Parashat Haazinu (Listen) Deuteronomy 32:1-52
Haftarah: Hosea 14:2-10, Joel 2:11-27, and Micah 7:18-20
Shabbat Shuva (Repentance)
This Shabbat is known as Shabbat Shuva, which relates to repentance. Therefore we have a special prophetic reading. Shabbat Shuva is always the Shabbat before the Day of Atonement.
This week’s Torah reading is a song and is full of poetry. However, one should not think that this song is full of happiness and joy. In fact, there is a great deal of things which relate to HaShem’s anger and vengeance. One reads,
“To Me is vengeance and retribution, for it is a time their foot will falter, for near is the day of their calamity and the future things rush to them.” Deuteronomy 32:35
The main idea in this verse is judgment, which is measured out based upon the sins of the people. The word which is translated “retribution” relates to a payment in full. Next, there will be those who will try to flee and escape this judgment, but their feet will fail them. This is simply a poetic way of revealing that one cannot avoid HaShem’s judgment through human means. It is most significant that the Day of Judgment is called a איד in Hebrew, which relates to a horrible event which did not have to take place. The use of this word hints to some provision or means which, if it had been accepted or applied to the situation, then the catastrophe could have been avoided.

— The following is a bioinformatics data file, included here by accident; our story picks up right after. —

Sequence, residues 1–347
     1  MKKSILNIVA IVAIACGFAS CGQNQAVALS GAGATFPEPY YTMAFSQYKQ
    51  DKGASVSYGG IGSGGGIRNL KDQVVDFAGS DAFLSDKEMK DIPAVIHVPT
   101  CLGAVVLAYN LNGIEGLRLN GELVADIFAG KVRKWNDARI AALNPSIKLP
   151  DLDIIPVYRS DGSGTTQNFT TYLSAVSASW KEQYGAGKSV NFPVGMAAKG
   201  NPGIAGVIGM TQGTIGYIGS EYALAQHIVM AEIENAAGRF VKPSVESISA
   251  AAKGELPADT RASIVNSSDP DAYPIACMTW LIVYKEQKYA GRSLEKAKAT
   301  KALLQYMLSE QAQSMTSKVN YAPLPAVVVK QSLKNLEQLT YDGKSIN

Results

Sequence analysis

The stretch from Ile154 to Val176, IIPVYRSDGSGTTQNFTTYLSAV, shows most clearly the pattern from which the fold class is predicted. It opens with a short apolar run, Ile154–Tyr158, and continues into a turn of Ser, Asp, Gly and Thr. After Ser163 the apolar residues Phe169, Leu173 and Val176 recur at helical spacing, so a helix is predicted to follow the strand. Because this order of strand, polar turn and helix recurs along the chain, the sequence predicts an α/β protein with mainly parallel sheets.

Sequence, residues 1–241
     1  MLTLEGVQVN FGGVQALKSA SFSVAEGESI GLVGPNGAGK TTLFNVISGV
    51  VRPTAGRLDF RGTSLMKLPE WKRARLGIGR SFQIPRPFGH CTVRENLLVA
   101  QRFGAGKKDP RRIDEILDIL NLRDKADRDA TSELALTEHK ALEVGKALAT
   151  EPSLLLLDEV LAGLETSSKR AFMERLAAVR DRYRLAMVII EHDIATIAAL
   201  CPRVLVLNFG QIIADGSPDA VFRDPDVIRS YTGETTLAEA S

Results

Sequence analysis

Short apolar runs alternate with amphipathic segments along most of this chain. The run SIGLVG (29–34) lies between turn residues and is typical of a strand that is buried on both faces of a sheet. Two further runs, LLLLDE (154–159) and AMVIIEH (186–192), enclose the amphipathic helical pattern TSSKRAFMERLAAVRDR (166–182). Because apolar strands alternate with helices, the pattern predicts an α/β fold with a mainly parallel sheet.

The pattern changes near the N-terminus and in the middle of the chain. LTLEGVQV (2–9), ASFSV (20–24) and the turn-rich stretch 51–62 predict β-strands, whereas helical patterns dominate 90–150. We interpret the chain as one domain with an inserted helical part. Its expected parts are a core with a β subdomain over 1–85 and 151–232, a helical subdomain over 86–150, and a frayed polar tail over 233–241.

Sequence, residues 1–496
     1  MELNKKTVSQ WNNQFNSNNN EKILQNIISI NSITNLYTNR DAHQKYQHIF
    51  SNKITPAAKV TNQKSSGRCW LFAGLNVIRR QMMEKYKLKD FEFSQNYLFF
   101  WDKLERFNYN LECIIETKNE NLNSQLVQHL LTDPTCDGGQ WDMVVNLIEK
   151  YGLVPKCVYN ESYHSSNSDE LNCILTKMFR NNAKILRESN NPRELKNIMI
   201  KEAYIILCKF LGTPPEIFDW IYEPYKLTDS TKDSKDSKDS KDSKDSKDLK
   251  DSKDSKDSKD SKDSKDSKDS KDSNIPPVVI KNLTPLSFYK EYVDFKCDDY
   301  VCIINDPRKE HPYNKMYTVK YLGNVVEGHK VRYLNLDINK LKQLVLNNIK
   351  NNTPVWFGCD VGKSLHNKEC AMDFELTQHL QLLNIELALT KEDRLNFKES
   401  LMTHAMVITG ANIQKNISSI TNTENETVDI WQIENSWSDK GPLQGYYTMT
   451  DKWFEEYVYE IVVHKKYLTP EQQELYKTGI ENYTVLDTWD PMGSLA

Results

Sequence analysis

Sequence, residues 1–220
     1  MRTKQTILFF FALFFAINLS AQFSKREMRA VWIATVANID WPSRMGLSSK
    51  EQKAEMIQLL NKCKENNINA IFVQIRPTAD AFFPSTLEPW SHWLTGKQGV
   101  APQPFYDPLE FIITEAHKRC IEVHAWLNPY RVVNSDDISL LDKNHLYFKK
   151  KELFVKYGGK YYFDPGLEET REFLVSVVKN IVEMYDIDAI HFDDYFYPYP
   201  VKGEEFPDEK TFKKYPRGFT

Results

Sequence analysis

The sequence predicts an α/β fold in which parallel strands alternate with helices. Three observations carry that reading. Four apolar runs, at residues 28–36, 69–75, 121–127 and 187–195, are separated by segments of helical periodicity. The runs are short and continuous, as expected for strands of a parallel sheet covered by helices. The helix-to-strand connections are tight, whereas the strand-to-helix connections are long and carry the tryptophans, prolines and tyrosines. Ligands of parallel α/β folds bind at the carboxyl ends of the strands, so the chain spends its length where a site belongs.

This word appears three times in the Prophecy of Obadiah,
“Do not come in through the gate of My people on the day of their calamity, do not look also on his (the people’s) affliction on the day of his calamity and do not send forth (your hand) on his wealth on the day of his calamity.” Obadiah 13
The calamity that this verse is referring to is the Babylonian captivity. This event took place as a result of Israel’s disobedience, namely idolatry. In other words, Israel adopted a philosophy of life which was in conflict with the revelation of Scripture. The message is that when someone lives out his or her life in a manner that is not established by the word of G-d, then this one will experience misfortune which did not have to take place.
As we draw near to Yom Kippur (Day of Atonement), let us consider the principles that our life is established upon and truly ask ourselves if these principles are Biblically rooted.
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